The stress effect:
Beta-sitosterol has long been known for its properties that help support healthy cholesterol levels and a healthy immune system, but beta-sitosterol also is excellent for helping muscles to recover from stress, such as after a competition or an injury. It’s best when taken after physical exertion or injury, or during times of stress.
The studies show:
Doctors commonly recommend echinacea for its immune-boosting properties, but studies show beta-sitosterol is actually more effective at supporting immunity when the patient is suffering from stress. Studies also point to significant benefits of beta sitosterol as an essential nutrient for those suffering from stress as it affects the muscles and immunity.
The side effects:
Beta-sitosterol isn’t dangerous, but to get enough in your diet can be a rather high-caloric undertaking (several handfuls of nuts or nut butters, or constant servings of vegetables throughout the day). It’s one of the best immune-supporting nutrients you can take when your body is undergoing stress – whether physical, mental or emotional.
Click on the title link to learn more.
The sport of competitive cycling in the United States continues to grow according to the latest figures released today by USA Cycling.
For the sixth consecutive year, the number of licensed competitive cyclists has risen compared to the previous year, while the number of registered clubs and event sanctions also increased. Collectively, these categories represent the popularity of bike racing in America from a participation standpoint.
At the close of the 2008 license sales season on November 30, USA Cycling listed 63,280 licensees, a 2.9 percent increase over last year. In similar fashion, the number of sanctioned clubs rose 1.8 percent as USA Cycling listed 2,155 teams among its constituents. USA Cycling also sanctioned 2,551 events, a 3.1 percent jump from a year ago.
The growth in membership continues a six-year trend which has seen the number of licensed racers in America increase by 48 percent since 2002. Over that same period of time, the number of events sanctioned by USA Cycling has risen by 50 percent, while affiliated clubs have grown by 30 percent.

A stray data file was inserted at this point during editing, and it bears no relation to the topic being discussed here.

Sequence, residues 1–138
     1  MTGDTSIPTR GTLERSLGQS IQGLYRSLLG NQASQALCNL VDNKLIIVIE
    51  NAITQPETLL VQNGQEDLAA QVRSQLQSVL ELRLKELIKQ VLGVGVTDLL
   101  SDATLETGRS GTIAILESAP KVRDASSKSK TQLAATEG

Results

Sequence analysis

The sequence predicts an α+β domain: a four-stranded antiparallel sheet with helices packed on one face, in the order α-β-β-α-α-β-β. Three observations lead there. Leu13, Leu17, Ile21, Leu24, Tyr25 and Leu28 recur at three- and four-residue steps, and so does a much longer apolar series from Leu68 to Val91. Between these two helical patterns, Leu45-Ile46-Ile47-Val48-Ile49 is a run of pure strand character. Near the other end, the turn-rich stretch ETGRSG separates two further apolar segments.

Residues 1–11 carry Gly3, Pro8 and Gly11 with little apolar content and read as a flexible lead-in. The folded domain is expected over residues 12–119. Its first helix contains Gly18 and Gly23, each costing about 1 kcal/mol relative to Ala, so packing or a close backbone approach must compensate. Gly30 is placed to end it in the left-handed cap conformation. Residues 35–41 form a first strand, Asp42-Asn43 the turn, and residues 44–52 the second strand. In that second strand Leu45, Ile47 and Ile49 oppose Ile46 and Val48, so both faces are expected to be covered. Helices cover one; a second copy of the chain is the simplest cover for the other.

Many of the sport’s insiders point to the success and popularity of American athletes in cycling’s most notable events, such as the Tour de France and the Olympic Games, as a primary factor in the sport’s recent boom. The most significant growth occurred throughout Lance Armstrong’s dominant seven-year winning streak at the Tour de France between 1999 and 2005, while success by several other Americans on the sport’s biggest stage since then has encouraged continued interest.
If history is any indication, cycling is poised for similar growth in 2009 following a five-medal performance in Beijing – the most successful ever for a U.S. Cycling Team at a non-boycotted Olympic Games – as well as a return to competitive cycling and the Tour de France by Armstrong. Factor in the 13 major internationally-sanctioned professional men’s and women’s races set to take place in the US next year, as well as Armstrong’s commitment to race in February’s Tour of California, and the popularity of the sport on US soil next season is sure to reach new heights.
“Once again, we’re excited to witness continued growth in the sport of cycling,” said Steve Johnson, CEO of USA Cycling. “The market for amateur sport in the United States is a competitive one with so many choices and opportunities available to athletes these days. That said, to experience another year of increased participation is very rewarding. Looking ahead, with the continued expansion of professional cycling opportunities both domestically and abroad, we hope and expect this growth trend to continue throughout 2009 and beyond.”
Broken down by specific disciplines and types of licenses, road, track and cyclo-cross grew by 3.2 percent, while mountain bike increased 1.2 percent. The number of professional riders in the U.S. rose 6.3 percent and the amount of student-athletes competing for collegiate clubs jumped 2.5 percent. Of all of its licensees, USA Cycling’s largest increase was in the number of licensed bike race officials, a figure that rose 17.6 percent.
By: Gerard Cromwell
Levi Leipheimer says his prototype Bontrager wheelset (on his bike here) and Lance Armstrong are each going pretty well.
In addition to taking surfing lessons, attending team meetings and logging some miles, the Astana team has been busy testing new equipment during this week’s training camp in Tenerife.
One of the many items under test was a spanking new set of as-yet-unnamed Bontrager wheels that Lance Armstrong has called “insanely fast.” According to Trek spokesman Ben Coates, the wheels are a prototype, and the only pair around at the moment.